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In Illustrator, I can apply a stroke that has a certain thickness to it. We refer to that thickness as the Stroke Weight. In fact, in this example right here on this object, I can see that this object has a stroke weight set to 1 point. I'm actually going to increase that stroke weight to about 10 points, because I want to go over to some interesting new features that were added to Illustrator CS5. You see for the first time, we have the ability to modify the weight of a stroke as it travels along a path.
Right now, I have a 10-point stroke that's applied across the entire path. However, there is a new tool now here, called the Width tool, which appears inside of the Tools panel. I'm going to click on that and move my cursor over to the shape. I'm actually going to press Command+ Spacebar or Ctrl+Spacebar and zoom in a bit closer so we can see exactly what's happening here. You see, this path itself has some anchor points. Those anchor points define the shape of the path itself. However, there is a new type of point that Illustrator now has, something called a Width Point.
That width point determines the shape of the stroke itself, meaning the appearance of the stroke, not the path itself. As I move this Width tool over the path itself, a little kind of dot appears letting me know that I'm looking at that part right now of the path itself. If I go to my View menu here, and I turn on my Smart Guides setting, as I mouse over these parts of the path, I'll also see a little box pop up, and that will let me know the width of my path at any point of that path.
Now as we said before, right now I have a uniform width of 10 points across my entire path, and Illustrator is also letting me know that there are 5 points of that path that are being applied to either side of that path. Well, what I'm going to do here is I'm going to click and then drag. I'm dragging out something here called the width point. Right now, my width point allowed me to go ahead now and increase the thickness of this part of my path. In fact, if I move my mouse over this area, I can see that right now the width, at this point of my path, is a little bit over 17 points.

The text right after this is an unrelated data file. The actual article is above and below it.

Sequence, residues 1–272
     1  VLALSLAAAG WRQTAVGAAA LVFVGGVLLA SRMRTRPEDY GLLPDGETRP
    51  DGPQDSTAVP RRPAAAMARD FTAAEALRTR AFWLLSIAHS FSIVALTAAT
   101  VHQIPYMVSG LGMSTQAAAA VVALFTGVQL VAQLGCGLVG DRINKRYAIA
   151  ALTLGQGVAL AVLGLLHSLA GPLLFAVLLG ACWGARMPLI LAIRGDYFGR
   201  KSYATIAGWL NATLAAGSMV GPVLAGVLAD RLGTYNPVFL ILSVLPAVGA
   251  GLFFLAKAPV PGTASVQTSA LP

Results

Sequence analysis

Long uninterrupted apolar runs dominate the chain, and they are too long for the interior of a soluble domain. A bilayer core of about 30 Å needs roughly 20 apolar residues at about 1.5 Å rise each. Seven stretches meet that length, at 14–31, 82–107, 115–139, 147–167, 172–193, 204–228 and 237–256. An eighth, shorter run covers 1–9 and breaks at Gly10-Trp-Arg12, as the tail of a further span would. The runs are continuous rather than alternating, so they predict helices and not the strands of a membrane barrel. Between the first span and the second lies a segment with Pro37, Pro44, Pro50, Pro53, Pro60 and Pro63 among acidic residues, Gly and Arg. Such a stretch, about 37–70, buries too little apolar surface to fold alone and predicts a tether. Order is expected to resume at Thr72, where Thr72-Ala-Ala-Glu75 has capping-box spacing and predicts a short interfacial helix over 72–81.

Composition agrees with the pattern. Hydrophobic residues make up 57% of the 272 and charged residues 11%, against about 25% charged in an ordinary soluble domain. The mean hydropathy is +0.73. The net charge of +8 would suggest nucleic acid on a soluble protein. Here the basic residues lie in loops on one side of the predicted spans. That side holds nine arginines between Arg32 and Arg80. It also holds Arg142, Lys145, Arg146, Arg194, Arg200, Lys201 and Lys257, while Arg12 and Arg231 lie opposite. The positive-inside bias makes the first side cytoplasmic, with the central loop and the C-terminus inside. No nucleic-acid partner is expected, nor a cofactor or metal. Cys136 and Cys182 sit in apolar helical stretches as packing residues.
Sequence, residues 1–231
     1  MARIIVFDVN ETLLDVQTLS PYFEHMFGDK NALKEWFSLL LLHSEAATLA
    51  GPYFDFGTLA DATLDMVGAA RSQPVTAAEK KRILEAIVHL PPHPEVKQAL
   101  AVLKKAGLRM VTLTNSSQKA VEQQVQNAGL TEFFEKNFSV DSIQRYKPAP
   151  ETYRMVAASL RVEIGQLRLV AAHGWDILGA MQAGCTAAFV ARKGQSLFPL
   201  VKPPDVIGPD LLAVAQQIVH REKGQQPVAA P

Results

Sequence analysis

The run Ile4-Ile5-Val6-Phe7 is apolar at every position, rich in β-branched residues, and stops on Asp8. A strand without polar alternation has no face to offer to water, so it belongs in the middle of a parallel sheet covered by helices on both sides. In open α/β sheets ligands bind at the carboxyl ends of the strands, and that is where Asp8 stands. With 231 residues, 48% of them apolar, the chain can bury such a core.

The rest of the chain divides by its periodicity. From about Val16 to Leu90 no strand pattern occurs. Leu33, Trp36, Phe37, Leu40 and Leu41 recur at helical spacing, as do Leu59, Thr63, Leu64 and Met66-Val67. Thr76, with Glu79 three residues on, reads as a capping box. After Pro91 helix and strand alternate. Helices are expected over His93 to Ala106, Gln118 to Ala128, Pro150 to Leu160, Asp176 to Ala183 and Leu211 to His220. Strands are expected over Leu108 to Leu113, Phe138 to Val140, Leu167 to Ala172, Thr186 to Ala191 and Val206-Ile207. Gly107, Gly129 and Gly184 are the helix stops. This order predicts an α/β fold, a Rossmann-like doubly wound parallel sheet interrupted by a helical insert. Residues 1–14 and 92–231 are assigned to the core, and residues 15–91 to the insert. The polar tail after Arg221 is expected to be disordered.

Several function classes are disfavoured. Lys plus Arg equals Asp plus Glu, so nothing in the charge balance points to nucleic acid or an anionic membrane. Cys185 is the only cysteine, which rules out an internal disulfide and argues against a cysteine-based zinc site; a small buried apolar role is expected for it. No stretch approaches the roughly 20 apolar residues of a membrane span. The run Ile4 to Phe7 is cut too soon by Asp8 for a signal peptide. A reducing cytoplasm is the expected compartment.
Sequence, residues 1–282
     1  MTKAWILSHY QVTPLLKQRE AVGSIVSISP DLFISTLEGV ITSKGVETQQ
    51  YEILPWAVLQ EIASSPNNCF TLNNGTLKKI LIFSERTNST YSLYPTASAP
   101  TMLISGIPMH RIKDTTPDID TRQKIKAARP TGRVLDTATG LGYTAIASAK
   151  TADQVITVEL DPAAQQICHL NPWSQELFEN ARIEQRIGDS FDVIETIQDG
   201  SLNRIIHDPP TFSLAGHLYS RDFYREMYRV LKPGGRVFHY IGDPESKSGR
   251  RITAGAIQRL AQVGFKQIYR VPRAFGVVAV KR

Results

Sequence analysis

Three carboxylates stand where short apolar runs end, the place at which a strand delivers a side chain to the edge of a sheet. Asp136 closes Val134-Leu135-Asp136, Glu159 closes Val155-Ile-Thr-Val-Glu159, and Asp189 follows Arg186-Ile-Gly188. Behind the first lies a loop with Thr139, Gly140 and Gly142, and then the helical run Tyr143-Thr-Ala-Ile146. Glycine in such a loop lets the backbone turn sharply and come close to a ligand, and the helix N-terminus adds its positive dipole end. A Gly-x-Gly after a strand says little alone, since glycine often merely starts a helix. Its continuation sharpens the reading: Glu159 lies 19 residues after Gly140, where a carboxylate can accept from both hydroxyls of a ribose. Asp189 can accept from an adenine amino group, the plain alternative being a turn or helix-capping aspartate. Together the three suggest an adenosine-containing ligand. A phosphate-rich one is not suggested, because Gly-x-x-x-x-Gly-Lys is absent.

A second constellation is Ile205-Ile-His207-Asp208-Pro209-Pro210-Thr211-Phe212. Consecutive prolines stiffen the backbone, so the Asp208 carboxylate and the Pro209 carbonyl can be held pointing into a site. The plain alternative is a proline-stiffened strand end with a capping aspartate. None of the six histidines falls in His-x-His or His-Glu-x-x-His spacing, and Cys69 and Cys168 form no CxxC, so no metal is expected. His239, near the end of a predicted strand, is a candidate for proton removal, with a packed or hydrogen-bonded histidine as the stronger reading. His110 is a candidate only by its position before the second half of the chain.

As I move my cursor here, I see that as it gets towards this part right over here, it returns back to 10 points. If I want to delete a width point, I can double-click on it, which brings up the Width Point Edit dialog box, where I can see exact values and even edit them, or I can click on the Delete button. That returns things back to the way they were before, but there are a few interesting things to note about working with these width points. For example, I'm going to come to this part of the object right here. I'm going to drag out to increase the thickness right here.
I'm also going to come to this point right here and reduce the thickness. So basically, my path starts out really thick here and comes to a point over here. You can really add as many width points as you want on to a path, but basically, whenever Illustrator finds a regular anchor point, it tries to return the width of that stroke back to that setting at that point. So if I click over here and reduce this also back to 0, I now kind of get an appearance that looks like this. Notice that I also have the ability to click on one of these width points and move them around, which adjusts the thickness as I do so.
For example, I can move one right about over here, add another one over here, click and drag, and move this one. Notice that right now, I'm just moving one width point at a time. But if I hold down my Shift key, you can notice that all the width points are now moving in proportion. One of the really cool things about working with the Width tool is how you have control over both sides of the path. You see, until now, we've always been talking about Illustrator aligning the thickness of the stroke along the center line of the path.
For example, right now, where my width is about a little bit more than 14 points, there is a little bit more than 7 points of stroke being applied to either side of that path. However, if I hold down my Option key or the Alt key on Windows and click on one of these points here, I can adjust just one side of that path. This gives me complete control over the appearance of my strokes as I work with them. Now, as I'm making these changes, you can see that at the bottom of the Stroke panel, I have something called a Profile. This is an incredibly powerful feature.
It allows me to save a tremendous amount of time. We'll discuss that feature in the next movie.
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